Excellent post!!

Here is a good example of ndombolo dancing (this is Awilo Longomba's group rehersing - a Grand Sapeur himself and successful international Soukouss star).

Though I do have to agree with the Sapeur critique of American rappers: "They don't really know how to dress."

Here is an academic view of the phenomenon.
posted by pwedza at 2:50 AM on November 29, 2006


There was a good TV dcumentary on the sapeurs shown on the BBC. At a Papa Wemba night in france the patrons queue up to have the labels of their clothes read out by the MC.

Nice Awilo Longomba links, those girls have some power in those legs, Crumb would be delighted. Here is a half hour of mapouka ass shaking.
posted by asok at 3:28 AM on November 29, 2006


South Africa has a slightly related group called Swenka in which migrant Zulu workers will put on their best clothes and compete against each other in sort of a posedown with each competitor trying to show off his clothes best.
posted by PenDevil at 3:34 AM on November 29, 2006


Amazing post, Maryh. I first read about this group in Michela Wrong's great book In the Footsteps of Mr. Kurtz'. Obviously it is and is becoming ever more complex but there was a passage in it when she asked a very clever 40 year old Congolese man why a natural leader and achiever like him was so concerned with sock analysis and third-hand Gaultier T-shirts - he revealed that living under dictatorial repression left him no other outlet for hope and expression. Very sad and a not a great use of economic resources better spent on geniune self-improvement, but a drought of opportunities creates little other space. Beautiful and depressing all at once...On a side note, I once read that good old Papa Wemba will take cash for appropriate lyrical inserts - in one case citing a minor government minister who allegedly had the sexual power to exhaust 19 women or something. Wish I could afford such a global shout-out.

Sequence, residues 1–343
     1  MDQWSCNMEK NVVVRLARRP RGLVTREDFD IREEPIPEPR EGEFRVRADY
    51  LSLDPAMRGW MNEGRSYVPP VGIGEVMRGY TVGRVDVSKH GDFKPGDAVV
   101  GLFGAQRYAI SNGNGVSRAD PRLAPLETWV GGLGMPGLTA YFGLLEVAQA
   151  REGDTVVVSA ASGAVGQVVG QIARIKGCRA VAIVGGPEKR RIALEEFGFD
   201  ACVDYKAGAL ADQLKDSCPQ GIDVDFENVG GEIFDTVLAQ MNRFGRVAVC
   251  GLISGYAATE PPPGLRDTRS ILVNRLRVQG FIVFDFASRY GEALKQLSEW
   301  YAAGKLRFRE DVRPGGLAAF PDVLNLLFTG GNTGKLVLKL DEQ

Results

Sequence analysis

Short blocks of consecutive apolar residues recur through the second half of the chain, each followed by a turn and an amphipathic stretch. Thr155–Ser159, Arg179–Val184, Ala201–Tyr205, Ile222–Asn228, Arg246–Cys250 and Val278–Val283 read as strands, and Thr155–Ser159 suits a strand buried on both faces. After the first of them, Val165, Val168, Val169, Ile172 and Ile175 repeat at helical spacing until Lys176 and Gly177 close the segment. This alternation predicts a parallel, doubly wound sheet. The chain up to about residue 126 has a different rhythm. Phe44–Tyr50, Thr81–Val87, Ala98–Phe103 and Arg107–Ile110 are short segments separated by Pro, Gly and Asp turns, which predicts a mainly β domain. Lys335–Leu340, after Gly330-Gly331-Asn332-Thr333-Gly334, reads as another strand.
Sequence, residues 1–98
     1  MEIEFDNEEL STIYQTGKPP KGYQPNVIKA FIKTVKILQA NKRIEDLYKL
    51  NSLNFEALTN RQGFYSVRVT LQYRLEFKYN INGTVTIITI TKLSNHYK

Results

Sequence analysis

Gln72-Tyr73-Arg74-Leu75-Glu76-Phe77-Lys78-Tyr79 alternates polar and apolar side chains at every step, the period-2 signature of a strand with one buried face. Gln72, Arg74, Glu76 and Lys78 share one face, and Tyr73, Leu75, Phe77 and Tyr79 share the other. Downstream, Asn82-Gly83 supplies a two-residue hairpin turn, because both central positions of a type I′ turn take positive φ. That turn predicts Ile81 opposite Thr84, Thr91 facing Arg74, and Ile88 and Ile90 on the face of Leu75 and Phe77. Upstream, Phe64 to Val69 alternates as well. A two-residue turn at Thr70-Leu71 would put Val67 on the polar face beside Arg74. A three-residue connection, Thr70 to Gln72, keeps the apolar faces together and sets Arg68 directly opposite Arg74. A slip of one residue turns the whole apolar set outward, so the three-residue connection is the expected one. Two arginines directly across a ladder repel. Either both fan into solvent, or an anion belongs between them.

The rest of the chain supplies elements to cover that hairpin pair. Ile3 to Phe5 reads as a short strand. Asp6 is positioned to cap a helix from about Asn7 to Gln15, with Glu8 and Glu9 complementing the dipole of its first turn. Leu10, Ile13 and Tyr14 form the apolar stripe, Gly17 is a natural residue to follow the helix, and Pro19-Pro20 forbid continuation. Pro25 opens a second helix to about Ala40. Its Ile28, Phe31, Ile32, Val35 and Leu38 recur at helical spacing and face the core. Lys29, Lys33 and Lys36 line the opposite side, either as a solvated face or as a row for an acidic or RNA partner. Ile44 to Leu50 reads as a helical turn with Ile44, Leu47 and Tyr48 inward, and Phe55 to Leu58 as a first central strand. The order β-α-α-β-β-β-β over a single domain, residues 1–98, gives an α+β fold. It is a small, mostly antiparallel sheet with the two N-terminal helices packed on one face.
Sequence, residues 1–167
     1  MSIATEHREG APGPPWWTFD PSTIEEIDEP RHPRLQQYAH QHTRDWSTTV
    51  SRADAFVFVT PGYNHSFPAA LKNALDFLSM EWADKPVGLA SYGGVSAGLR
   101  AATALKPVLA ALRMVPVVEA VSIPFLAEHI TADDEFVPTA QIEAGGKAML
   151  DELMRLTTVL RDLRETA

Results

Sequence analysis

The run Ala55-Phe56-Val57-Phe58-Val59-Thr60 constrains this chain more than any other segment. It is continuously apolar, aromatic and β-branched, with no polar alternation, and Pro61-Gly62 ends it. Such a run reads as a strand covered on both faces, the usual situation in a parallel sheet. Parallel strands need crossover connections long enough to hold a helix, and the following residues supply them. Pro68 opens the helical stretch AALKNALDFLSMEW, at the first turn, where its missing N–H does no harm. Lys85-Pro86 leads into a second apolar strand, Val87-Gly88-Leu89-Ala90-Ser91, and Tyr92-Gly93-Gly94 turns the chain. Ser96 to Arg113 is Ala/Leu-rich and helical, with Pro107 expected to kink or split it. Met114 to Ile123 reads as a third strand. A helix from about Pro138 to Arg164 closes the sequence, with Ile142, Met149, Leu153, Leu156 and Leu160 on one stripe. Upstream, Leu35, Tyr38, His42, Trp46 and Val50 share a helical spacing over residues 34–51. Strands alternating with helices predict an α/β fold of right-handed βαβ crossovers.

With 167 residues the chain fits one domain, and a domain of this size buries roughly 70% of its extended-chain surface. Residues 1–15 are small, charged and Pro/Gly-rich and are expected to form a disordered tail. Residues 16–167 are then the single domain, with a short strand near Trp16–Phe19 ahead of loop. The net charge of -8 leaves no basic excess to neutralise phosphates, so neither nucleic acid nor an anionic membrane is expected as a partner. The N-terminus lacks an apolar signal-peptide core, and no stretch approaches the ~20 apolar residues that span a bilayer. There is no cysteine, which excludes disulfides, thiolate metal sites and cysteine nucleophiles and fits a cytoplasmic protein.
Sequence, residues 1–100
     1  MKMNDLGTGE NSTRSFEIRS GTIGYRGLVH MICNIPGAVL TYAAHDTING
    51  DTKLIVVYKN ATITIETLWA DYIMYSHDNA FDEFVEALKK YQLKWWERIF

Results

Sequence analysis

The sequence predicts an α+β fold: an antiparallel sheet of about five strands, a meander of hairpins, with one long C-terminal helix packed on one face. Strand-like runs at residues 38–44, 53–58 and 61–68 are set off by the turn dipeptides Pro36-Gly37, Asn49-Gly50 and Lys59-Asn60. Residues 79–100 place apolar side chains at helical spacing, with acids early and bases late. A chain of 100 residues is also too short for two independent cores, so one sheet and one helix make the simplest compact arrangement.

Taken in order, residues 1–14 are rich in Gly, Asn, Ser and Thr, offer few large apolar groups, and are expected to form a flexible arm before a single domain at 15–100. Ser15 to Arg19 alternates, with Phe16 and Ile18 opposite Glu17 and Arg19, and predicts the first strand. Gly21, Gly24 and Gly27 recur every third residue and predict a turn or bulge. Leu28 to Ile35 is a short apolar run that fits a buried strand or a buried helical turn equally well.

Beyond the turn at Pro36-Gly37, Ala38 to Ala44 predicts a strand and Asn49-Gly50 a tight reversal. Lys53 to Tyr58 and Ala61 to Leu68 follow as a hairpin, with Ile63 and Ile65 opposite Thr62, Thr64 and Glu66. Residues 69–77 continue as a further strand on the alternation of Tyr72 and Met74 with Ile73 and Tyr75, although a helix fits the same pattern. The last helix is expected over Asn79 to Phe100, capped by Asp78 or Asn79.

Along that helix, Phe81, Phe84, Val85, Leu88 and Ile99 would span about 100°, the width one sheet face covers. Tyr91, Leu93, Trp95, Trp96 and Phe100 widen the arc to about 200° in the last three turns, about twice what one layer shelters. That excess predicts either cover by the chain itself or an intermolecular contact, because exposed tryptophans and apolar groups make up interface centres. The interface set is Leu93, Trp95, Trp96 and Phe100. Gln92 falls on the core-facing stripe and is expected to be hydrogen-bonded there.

posted by The Salaryman at 3:42 AM on November 29, 2006


Great post. Wonderful photos in the gallery.
posted by algreer at 5:02 AM on November 29, 2006


You know, I came up with a new term for them last night, just before I fell asleep, extravagrants.

And I do think the fashion industry is incredibly dangerous and damaging to the esteem of girls everywhere. They want a size 0 now? What message is this sending to people? Not necessarily the Sapeurs, who seem to be trying to find a little light in a whole lot of darkness. But maybe I didn't read far enough.
posted by fenriq at 7:07 AM on November 29, 2006


Wow. How weird.

They're sharp dressers though.
posted by Colloquial Collision at 8:27 AM on November 29, 2006


Excellent post. Reminds me of the sharp dressers I see in the poor areas of Detroit, done with even more style. Also a little bit of the Swing Kids.

Part of me wants to cheer them for finding a way to escape. Part of me is ashamed they need to find a way to escape. And, part of me wants to tell them to get a life, which is not my place, at all.
posted by QIbHom at 9:12 AM on November 29, 2006


Zoot Suiters are probably an accurate parallel, especially considering the social and economic positions of the pachuco in 40s LA.

Another might be the Mods- of course it raises the question as to what degree they were asserting newfound economic independence and to what degree the were mortgaging what little benefit they received from the end of the post-war slump on clothes and drugs.

Of course, depending on the type of analysis one applies, one could argue that the symbolic power enjoyed by the Mods, particularly following the riots was of greater importance than economic gain in a system with still highly restricted mobility.
posted by TheWhiteSkull at 10:07 AM on November 29, 2006